Hospital administrators come from many backgrounds. Physicians, Nurses, Masters of Healthcare Administration, Masters of Business Administration and those with less academic preparedness who rise through the ranks. One thing they have in common with Board Members is that their formal exposure to all-hazards management in general and terrorist threats in particular, is limited.

It falls to professional educational organizations to provide their members with appropriate continuing educational exposures to maintain their core competencies. Additionally, administrators have a duty to keep their boards informed. It is understood that professional trade organizations must scan the healthcare horizon and select from a host of dynamic competing events and identify education needs of their client membership.

Professional educational organizations have enormous influence on what their members perceive as priority issues within the profession. One such organization is the American College of Healthcare Executives. In their own words:

“The American College of Healthcare Executives is an international professional society of more than 30,000 healthcare executives who lead hospitals, healthcare systems and other healthcare organizations.

ACHEACHE is known for its prestigious FACHE® credential, signifying board certification in healthcare management, and its educational programs including the annual Congress on Healthcare Leadership, which draws more than 4,000 participants each year. ACHE’s established network of more than 80 chapters provides access to networking, education and career development at the local level.

In addition, ACHE is known for its magazine, Healthcare Executive, and its journals, the Journal of Healthcare Management and Frontiers of Health Services Management, as well as groundbreaking research, career development and public policy programs. ACHE’s publishing division, Health Administration Press, is one of the largest publishers of books and journals on all aspects of health services management including textbooks for use in college and university courses.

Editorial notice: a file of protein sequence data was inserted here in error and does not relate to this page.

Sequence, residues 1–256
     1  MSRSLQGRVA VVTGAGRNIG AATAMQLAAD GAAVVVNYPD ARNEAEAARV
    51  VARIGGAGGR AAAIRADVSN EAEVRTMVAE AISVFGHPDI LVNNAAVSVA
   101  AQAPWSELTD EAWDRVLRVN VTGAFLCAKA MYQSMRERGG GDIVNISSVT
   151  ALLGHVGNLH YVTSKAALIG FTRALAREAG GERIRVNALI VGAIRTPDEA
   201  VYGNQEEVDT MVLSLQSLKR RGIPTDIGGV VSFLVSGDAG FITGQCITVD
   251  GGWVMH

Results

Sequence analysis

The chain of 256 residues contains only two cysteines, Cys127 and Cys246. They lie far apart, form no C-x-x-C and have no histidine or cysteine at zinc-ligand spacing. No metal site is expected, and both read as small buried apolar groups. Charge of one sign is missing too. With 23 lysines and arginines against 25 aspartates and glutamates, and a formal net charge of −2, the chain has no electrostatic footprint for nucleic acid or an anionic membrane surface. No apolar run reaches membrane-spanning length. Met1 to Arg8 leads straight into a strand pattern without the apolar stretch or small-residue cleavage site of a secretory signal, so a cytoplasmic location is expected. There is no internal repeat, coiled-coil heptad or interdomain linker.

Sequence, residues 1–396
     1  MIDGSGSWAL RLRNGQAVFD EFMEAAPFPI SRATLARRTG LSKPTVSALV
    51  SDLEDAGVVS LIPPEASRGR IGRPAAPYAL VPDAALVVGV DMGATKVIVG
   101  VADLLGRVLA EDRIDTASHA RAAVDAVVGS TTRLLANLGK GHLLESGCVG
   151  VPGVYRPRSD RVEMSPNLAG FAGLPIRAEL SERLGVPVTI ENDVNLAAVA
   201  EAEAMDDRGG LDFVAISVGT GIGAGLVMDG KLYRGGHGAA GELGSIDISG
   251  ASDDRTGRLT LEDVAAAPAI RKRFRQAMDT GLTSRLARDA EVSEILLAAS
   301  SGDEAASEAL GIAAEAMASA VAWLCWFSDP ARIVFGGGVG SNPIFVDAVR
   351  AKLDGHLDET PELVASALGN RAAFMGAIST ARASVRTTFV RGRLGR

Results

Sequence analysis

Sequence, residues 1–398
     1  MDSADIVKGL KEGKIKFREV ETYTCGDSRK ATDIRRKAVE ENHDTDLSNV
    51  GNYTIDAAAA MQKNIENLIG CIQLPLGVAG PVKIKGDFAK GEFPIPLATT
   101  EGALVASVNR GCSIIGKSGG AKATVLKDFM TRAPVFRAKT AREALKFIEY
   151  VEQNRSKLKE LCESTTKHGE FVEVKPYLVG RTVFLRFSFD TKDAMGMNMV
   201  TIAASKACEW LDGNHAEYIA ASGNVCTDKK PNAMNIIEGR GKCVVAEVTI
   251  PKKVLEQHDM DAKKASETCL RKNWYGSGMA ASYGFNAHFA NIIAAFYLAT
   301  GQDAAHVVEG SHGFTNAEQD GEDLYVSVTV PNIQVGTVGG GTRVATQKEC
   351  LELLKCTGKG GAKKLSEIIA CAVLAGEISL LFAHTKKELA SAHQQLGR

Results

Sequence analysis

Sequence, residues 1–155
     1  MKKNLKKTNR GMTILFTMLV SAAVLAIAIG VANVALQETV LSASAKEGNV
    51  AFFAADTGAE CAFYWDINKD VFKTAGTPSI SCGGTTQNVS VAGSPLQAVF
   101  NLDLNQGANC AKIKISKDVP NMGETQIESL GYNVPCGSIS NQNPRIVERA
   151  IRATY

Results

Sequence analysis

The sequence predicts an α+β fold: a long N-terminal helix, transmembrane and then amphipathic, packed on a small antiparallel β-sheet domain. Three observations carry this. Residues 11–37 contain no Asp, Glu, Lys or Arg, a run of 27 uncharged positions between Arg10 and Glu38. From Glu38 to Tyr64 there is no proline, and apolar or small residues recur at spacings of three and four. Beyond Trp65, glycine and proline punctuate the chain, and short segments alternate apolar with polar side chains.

Through such efforts, ACHE works toward its goal of being the premier professional society for healthcare executives dedicated to improving healthcare delivery”.

The author has been a FACHE since 1988. The organization has advanced the profession in many ways. I have benefited greatly by my association with ACHE and the delivery of healthcare to the nation is measurable better as the result of the College’s influence on the industry.

The year I received my ACHE Fellowship was the same year that President Reagan issued Executive Order 12656: Assignment of Emergency Preparedness Responsibilities. The Department of Health and Human Services (DHHS) was tasked with the development of a comprehensive national healthcare plan to mobilize the nation’s healthcare industry to meet the immediate challenges posed by the threat of post-cold war Weapons of Mass Destruction (WMD) falling into the hands of non-state terrorists.

Flooded Healthcare Facility  Fast forward past WTC bombing 1, Oklahoma City Murrah Building, 9/11 WTC 2 and Pentagon attacks, establishment of the Department of Homeland Security, a plethora of Homeland Security Presidential Directives (HSPDs) etc. and application to the 2004 ACHE seminar on “Disaster Management”.

We will follow the incredible journey through a maze of encounters which may be characterized along a continuum of apathy, denial and cognitive dissonance, in the second part of this two part series.